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Middle-school librarians Cindy Dobrez and Lynn Rutan prove that two heads are better than one when it comes to discussing YA and children's books

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Monday, March 28, 2011 5:34 pm
Energy Island by Allan Drummond
Posted by: Cindy Dobrez and Lynn Rutan

81166226Lynn: Energy is a topic on everyone’s minds these days and finding a way to talk about this complex issue with children is more important than ever.  So I am especially happy to write about Energy Island:  How One Community Harnessed the Wind and Changed Their World (Farrar/Frances Foster 2011) which is the first of a planned picture book series about innovative green projects around the world.

This is an extraordinary story about an ordinary island in the middle of Denmark where ordinary people live much like everyone else  – except for one really interesting difference.  In just ten years Samso found a way to make all their own energy and reduced their carbon emissions by 140%.  Pretty remarkable!  It all began when Samso won an unusual competition.  The island was chosen by the Danish government to become independent of nonrenewable energy.  Led by a grade school teacher, Soren Hermansen, the people of the island began making small and then big changes that all of us can learn from.

Drummond’s accessible approach makes this a terrific book for young readers.  First he firmly plants the story in the lives of ordinary people and the story is simple, straightforward and encouraging.  Sidebars explain more about terms like renewable energy and the problems and issues involved.  Samso is an unusually windy place and Drummond’s charming illustrations feel as if they’re being blown across the pages.  It’s an inspiring story and as Drummond concludes:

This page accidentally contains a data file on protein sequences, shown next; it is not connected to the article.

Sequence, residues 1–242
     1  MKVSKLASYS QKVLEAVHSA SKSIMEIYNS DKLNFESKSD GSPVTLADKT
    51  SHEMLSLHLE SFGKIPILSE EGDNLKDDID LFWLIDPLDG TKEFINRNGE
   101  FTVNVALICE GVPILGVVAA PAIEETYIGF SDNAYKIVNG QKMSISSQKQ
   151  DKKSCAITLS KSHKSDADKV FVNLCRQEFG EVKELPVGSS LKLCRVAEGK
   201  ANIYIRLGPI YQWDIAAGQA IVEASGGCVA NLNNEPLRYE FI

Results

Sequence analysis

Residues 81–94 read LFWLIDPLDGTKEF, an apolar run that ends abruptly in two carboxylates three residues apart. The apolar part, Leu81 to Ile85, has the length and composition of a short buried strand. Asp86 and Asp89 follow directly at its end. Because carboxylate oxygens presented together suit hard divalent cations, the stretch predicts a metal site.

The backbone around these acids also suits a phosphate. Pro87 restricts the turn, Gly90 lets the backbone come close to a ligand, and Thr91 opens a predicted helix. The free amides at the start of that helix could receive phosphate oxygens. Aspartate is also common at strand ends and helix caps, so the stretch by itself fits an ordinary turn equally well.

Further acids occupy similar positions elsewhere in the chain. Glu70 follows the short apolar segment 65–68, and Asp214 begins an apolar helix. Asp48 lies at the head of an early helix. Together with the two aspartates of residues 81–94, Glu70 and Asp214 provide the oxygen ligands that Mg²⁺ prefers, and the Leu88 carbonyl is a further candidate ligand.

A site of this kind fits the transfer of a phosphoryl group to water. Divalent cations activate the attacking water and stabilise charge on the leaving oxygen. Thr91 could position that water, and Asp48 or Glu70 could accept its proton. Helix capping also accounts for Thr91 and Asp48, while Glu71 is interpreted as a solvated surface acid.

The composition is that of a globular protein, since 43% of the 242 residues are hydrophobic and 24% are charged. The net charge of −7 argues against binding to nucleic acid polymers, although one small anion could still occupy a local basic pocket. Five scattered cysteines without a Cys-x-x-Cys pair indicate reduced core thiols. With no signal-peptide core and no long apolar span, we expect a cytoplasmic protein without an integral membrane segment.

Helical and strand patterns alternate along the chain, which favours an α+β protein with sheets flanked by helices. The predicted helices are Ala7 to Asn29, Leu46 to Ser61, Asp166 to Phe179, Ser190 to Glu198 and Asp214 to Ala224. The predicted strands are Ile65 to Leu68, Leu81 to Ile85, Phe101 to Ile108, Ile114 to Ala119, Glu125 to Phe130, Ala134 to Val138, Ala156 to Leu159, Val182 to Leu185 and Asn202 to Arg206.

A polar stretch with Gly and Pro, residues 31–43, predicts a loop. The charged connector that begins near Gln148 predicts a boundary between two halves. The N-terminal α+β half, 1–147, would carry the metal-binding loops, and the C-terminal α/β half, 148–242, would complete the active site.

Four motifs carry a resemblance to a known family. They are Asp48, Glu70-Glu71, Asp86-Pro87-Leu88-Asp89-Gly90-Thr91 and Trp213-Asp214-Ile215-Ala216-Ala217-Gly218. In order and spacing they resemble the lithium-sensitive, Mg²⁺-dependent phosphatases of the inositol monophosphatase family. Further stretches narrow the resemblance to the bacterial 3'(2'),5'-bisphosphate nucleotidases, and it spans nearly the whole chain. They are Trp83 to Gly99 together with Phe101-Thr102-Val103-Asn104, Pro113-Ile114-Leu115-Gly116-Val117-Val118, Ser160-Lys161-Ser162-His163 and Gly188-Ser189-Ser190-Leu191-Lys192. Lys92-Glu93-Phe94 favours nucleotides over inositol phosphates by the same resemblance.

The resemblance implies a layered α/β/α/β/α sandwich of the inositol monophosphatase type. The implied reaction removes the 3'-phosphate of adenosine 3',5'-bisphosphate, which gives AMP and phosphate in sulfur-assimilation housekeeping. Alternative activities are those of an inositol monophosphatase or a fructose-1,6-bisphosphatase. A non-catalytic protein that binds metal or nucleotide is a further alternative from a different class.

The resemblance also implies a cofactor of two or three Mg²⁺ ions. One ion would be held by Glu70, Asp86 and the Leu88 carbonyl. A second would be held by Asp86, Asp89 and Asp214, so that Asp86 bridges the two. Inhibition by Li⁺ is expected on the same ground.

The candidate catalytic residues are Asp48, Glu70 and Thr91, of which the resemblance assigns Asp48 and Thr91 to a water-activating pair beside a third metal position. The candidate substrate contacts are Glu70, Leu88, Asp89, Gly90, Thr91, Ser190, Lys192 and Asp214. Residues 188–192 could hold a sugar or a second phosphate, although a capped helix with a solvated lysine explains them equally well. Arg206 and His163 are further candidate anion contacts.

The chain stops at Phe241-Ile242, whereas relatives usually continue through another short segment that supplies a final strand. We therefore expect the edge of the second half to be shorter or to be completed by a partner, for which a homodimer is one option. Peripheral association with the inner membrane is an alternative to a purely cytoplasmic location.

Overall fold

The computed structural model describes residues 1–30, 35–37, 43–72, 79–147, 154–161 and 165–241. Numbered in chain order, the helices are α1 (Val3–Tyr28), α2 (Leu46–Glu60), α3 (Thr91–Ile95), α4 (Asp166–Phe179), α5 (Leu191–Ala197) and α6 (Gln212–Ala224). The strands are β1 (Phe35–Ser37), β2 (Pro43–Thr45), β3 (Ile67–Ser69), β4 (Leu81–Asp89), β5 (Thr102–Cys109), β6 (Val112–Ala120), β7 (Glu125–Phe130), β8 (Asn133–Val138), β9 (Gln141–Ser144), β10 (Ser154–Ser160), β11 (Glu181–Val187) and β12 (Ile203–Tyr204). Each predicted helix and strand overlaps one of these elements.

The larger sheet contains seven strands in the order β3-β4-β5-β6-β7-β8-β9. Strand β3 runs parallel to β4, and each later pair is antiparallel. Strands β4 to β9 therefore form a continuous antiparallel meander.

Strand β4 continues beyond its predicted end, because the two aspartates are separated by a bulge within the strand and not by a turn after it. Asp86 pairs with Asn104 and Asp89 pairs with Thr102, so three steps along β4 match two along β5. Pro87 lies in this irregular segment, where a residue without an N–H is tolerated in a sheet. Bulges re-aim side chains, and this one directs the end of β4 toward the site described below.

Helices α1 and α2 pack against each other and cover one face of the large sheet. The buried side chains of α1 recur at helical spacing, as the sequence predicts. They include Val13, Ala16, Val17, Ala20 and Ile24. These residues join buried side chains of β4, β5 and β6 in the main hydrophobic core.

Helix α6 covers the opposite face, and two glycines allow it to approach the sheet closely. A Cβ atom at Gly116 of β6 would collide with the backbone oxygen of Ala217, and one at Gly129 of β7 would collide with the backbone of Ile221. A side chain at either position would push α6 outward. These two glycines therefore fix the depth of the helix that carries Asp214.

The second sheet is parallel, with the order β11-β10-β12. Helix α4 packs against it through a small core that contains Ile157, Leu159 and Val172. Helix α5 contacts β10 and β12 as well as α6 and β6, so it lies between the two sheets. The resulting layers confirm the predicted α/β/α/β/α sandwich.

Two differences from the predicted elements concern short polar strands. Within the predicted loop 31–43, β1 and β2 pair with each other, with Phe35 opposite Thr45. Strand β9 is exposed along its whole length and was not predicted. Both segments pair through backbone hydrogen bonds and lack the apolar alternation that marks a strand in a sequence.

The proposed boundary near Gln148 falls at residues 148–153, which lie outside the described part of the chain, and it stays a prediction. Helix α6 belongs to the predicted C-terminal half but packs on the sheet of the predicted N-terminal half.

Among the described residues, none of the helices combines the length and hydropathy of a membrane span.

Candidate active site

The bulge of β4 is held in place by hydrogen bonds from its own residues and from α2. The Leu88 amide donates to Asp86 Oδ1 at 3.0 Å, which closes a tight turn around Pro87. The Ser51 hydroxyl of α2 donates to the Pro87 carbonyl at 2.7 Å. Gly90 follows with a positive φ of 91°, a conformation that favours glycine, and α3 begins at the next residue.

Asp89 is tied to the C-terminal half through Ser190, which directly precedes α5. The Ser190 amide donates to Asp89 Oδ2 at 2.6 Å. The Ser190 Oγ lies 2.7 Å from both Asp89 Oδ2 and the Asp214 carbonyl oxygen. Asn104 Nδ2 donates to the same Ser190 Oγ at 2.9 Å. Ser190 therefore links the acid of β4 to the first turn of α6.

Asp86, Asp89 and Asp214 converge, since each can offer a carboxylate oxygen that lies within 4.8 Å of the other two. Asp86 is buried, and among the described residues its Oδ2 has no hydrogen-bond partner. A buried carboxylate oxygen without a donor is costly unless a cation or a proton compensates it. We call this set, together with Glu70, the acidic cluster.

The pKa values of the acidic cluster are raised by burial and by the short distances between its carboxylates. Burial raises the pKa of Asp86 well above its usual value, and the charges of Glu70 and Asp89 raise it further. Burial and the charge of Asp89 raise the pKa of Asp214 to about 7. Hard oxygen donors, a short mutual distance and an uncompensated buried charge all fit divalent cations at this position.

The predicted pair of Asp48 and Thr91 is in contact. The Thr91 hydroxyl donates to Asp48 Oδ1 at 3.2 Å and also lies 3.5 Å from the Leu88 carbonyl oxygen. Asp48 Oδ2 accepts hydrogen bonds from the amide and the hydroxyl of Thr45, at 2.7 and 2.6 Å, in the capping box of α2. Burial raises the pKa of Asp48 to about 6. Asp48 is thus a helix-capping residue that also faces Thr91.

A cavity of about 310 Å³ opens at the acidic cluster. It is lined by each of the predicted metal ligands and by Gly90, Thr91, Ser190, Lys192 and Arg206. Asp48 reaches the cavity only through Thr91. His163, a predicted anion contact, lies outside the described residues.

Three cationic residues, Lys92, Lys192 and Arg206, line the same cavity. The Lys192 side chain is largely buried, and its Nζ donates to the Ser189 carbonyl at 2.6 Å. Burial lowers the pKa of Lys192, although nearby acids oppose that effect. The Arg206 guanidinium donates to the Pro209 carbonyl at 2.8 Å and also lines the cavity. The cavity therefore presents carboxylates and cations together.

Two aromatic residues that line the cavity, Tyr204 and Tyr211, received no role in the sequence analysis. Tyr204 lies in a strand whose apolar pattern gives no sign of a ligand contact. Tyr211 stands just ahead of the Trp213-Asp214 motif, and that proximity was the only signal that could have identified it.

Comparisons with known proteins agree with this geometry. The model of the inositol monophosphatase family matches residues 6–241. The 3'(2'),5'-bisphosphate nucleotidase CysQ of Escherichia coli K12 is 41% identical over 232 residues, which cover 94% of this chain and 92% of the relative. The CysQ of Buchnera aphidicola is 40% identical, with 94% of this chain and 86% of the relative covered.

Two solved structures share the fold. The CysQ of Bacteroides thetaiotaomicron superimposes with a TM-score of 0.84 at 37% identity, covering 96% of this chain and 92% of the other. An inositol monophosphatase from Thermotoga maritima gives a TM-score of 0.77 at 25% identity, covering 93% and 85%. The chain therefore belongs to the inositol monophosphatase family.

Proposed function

“We’re all islanders on the biggest island of them all – planet Earth.  So it’s up to us to figure out how to save it.”

Cindy: I like that the resistance to making change is included in the book. There was not an immediate buy-in to exchanging autos for bicycles, growing crops that could be converted into fuel, putting up wind turbines, or converting to solar power. But even small changes and slow progress toward a goal can be beneficial  and then eventually momentum builds and positive results follow. I’m sure that the process was even tougher than this book suggests, but the struggles are at least hinted at, and the statistics show that the effort was worth any pain or deprivation. This would be a great book to share with younger students, but it could also be used to spark discussion among older students who could follow up with research about the island and the progress they’ve made …and perhaps they could set some personal goals for energy saving.. This 2009 New York Times article about Samso highlights some of the energy-saving changes and inventions the islanders have  incorporated and how the residents feel about their role in setting this example. And, in preparation for the upcoming Earth Day,  April 22nd, check out Gillian Engberg’s Top Ten Books on the Environment for Youth: 2011.

nonfiction_mondayVisit Practically Paradise, the host of this week’s Nonfiction Monday Blog round-up for more fabulous nonfiction…


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